Akseli Gallen-Kallela (1865-1931) was a Swedish-speaking Finnish painter who is best known for his illustrations of the Kalevala, the Finnish national epic. His work was considered very important for the Finnish national identity. He was born in Pori, Finland in a Swedish-speaking family. His father worked as police chief and lawyer. At the age of 11 he was sent to Helsinki to study at a grammar school, because his father opposed his ambition to become a painter. After his father's death in 1879, he attended drawing classes at the Finnish Art Society.

In 1884 he moved to Paris, to study at the Academie Julian. In Paris he became friends with the Finnish painter Albert Edelfelt. In 1894, he moved to Berlin to oversee the joint exhibition of his works with the works of Norwegian painter Edvard Munch. In 1895, he received a telegram that his daughter had died from diphtheria. This would prove to be a turning point in his work. While his works had previously been romantic, after his daughter's death he painted more aggressive works.

For the Paris World Fair in 1900, he painted frescoes for the Finnish Pavilion, and this work secured his stature as the leading Finnish artist. In 1909, he moved to Nairobi in Kenya with his family, and there he painted over 150 expressionist oil-paintings and bought many east African artefacts. But he returned to Finland after a couple of years, because he realized Finland was his main inspiration. In 1918, he and his son took part in the fighting at the front of the Finnish Civil War. Later, he was invited to design the flags, official decorations and uniforms for the newly independent Finland.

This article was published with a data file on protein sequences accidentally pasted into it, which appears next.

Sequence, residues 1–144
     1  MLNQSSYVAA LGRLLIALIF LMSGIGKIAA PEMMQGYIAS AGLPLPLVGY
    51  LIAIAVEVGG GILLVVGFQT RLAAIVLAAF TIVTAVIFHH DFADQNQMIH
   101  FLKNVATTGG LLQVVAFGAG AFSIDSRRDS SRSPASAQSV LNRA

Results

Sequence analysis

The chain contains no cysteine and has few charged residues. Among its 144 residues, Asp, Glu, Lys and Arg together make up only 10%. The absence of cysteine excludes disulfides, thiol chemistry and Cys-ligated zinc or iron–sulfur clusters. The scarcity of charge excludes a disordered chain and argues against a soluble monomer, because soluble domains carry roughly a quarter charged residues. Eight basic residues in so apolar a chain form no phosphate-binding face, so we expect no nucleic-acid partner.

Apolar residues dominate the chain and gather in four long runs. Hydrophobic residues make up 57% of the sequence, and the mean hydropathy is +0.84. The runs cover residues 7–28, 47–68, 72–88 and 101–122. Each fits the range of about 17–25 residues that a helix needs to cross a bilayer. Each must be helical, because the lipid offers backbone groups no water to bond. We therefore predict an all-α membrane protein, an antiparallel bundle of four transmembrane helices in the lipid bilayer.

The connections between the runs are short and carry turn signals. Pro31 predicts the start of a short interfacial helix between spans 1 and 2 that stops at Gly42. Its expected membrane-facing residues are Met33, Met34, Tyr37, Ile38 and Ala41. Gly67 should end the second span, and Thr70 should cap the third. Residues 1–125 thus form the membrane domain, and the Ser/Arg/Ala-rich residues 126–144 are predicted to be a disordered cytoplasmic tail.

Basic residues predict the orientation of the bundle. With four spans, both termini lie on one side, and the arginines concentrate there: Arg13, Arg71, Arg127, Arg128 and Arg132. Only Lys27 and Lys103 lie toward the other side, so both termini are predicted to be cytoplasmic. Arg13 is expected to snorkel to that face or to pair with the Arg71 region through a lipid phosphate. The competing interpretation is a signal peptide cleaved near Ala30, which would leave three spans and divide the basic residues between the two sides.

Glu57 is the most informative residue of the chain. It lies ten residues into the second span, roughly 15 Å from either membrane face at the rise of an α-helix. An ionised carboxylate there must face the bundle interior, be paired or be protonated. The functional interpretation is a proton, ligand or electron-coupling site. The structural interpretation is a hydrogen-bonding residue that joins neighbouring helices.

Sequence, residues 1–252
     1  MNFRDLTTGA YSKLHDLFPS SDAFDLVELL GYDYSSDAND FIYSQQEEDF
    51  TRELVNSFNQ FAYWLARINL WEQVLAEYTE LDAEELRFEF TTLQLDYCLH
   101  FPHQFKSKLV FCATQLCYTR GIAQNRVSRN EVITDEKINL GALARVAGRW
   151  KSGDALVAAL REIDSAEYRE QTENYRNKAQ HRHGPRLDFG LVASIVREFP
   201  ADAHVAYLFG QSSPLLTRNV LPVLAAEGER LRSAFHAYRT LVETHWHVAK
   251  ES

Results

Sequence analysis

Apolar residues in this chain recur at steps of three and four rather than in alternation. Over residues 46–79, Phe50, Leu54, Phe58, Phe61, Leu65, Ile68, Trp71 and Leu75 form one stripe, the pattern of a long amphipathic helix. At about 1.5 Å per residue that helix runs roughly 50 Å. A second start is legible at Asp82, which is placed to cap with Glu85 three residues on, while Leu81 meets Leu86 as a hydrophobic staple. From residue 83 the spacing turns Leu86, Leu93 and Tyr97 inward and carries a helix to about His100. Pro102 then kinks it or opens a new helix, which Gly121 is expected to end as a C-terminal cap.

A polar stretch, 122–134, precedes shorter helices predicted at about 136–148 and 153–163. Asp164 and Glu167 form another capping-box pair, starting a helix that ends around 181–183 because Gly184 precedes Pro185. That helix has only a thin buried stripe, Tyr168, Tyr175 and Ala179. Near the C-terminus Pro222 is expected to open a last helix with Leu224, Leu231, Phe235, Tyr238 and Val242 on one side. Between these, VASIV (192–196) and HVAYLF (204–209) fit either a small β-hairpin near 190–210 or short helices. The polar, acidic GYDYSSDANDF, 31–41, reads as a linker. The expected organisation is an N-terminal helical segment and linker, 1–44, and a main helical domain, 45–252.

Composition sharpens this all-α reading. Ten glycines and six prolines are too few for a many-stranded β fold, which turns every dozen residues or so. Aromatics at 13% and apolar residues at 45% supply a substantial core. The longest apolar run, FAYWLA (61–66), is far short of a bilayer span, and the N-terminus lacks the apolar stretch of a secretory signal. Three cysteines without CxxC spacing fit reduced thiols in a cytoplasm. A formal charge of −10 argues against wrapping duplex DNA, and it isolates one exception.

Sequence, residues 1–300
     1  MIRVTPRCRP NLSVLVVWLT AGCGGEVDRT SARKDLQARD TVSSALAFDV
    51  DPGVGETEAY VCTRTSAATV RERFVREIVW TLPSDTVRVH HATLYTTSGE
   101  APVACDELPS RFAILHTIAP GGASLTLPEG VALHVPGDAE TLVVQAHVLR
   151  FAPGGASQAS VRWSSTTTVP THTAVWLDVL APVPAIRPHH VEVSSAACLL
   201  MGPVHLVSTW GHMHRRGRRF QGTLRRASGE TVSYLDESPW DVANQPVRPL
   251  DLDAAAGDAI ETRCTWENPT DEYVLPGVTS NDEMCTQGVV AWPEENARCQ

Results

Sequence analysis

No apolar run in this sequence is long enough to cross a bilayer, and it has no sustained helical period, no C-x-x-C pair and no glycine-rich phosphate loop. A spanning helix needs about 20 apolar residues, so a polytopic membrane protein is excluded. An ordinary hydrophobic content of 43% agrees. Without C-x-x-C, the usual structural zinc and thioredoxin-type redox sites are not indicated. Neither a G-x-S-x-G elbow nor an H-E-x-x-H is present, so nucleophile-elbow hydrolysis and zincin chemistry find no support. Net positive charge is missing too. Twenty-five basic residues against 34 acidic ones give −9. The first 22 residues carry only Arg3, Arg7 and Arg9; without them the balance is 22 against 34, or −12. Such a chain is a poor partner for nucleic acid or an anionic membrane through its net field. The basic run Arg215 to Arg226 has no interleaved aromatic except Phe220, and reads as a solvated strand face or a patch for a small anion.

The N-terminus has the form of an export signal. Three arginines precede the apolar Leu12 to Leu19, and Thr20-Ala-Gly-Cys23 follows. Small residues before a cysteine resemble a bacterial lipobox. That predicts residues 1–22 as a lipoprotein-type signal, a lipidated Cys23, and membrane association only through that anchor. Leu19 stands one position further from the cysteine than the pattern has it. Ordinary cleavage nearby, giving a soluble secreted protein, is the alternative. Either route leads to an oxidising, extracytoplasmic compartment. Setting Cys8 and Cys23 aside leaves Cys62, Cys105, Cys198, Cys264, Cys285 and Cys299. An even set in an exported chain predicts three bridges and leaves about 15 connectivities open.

Thursday, July 17, 2014

Fanny Churberg

Winter landscape with sunset
oil on canvas
26.0 x 40.5 cm
Ateneum Art Museum, Helsinki, Finland

Fanny Churberg (1845-1892) was a Finnish painter and one of the great masters of her time. Her father was a doctor from a family of farmers and her mother was a daughter of a vicar. When she was twelve her mother died and she had to take on large parts of the responsibility of being the matron of the house. When she was 20 her father died. She cared for him day and night during the last months of his life.

She started her artistic training in Helsinki in 1865. Her studies continued in Dusseldorf, Germany. She was also one of the first Finnish painters to study in Paris, France. Although she remained to a large extent within the conventions of the Dusseldorf school of painting. She openly expressed her enthusiasm for the countryside and its dramatic situations, relying above all on colour and a fast brush technique to do so. The charged quality of her work differed sharply from that of her contemporaries, as did her subjects.